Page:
If you’ve been to a health food store, you’ve undoubtedly heard of antioxidants and their power to do everything from prevent cell damage to improve skin health and prevent cancers.
The truth about antioxidants and what they do for our health is less black and white. To truly understand the health benefits of antioxidants, you must understand what they are and how they work.
What are Antioxidants?
Antioxidants are phytochemicals, vitamins and minerals that protect our cells from damage. Occurring naturally in plants, fruits, teas and vegetables, they’re also available through manmade supplements. They’re an important part of the diet as they reduce oxidative stress and inflammation, both of which have been linked to brain aging and neurodegenerative disorders.
Most notably, antioxidants combat the damage created by free radicals, a common name for the unstable molecules that negatively impact the structure of cells in the body. Antioxidants neutralize free radicals by giving them electrons. Free radicals occur naturally and attach to other molecules, causing them to function abnormally. This includes cells in the brain.
What Can Antioxidants Do?
The type of antioxidant matters a great deal as each tends to be different and perform different functions. For example, the carotenoid lutein has been shown to be a valuable antioxidant in its ability to preserve memory, while vitamin K reduces inflammation in cells.
In the end, a balance of various antioxidants is an essential part of any healthy diet. Too much of some antioxidants can actually have negative impacts on health, which is one reason that some supplements may not necessarily encouraged for those who eat a diet that includes sufficient fruit and vegetables. For example, an excess of beta carotene can increase risk of premature death.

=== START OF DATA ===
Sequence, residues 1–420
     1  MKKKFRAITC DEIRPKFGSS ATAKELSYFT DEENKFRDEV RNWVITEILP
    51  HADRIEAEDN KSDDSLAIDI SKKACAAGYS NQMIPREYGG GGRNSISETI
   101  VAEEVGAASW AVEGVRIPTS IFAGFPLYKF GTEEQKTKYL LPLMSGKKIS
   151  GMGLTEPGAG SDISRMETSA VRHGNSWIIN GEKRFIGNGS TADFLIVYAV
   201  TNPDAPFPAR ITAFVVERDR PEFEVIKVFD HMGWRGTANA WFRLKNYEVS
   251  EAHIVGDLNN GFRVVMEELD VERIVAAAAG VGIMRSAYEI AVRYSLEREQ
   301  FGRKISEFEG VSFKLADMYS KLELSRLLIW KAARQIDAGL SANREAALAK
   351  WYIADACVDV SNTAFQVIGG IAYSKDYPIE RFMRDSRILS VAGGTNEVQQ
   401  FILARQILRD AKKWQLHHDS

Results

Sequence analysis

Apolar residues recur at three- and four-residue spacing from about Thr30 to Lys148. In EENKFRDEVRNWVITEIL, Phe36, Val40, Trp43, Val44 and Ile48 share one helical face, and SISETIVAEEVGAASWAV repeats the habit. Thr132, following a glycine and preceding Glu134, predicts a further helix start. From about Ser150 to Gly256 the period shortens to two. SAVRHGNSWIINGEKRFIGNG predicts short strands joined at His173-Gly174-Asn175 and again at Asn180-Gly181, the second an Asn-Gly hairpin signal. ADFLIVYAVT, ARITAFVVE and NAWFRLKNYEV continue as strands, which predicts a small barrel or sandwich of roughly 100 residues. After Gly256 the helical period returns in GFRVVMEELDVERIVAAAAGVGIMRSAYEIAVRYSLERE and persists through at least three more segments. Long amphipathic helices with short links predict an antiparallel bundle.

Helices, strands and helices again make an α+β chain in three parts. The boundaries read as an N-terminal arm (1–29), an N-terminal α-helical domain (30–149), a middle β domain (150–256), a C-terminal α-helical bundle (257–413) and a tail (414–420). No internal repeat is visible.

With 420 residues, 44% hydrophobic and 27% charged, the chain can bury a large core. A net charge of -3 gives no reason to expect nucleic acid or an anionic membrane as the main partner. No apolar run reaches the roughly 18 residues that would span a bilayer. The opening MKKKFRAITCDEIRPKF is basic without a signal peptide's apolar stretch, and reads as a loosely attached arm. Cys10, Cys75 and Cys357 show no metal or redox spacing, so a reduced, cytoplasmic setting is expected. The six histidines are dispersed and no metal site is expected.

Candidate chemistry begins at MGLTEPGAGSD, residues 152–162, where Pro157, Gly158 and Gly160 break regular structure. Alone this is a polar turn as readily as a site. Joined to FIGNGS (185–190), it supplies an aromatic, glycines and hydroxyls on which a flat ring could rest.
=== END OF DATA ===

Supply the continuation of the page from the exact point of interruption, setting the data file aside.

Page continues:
Of the most important antioxidants, vitamin C, E and zinc have some of the biggest effects on brain health. Studies show Vitamin C, also known as ascorbate, plays an important role in reducing oxidative stress and creating mature, fully functioning neurons in the brain. Neurodegenerative diseases often involve high levels of oxidative stress, meaning Vitamin C can play a therapeutic role in preventing ischemic stroke, Alzheimer’s disease and other neurodegenerative diseases.
Vitamin E has been shown to be of extreme value to the brain as a study from the journal Nutrients suggests that it protects cells from damage caused by free radicals. The study also notes that high vitamin E levels are associated with improved cognitive performance.
Zinc plays an important part in the development of the hippocampus, a part of the brain associated with spatial relationships, long term memory and emotional regulation. Low levels of zinc are associated with increased risk of depression.
Antioxidants play an important part in our health, but getting them from the right sources and in the right amounts plays a vital role in healthy aging. To ensure that you are getting the right amounts, the best thing to do is to leave it to nature to provide through a proper diet. By doing so, you reduce the risk of age-related neurodegenerative diseases and ensure that your diet is supportive of healthy cognitive aging as well as physical aging.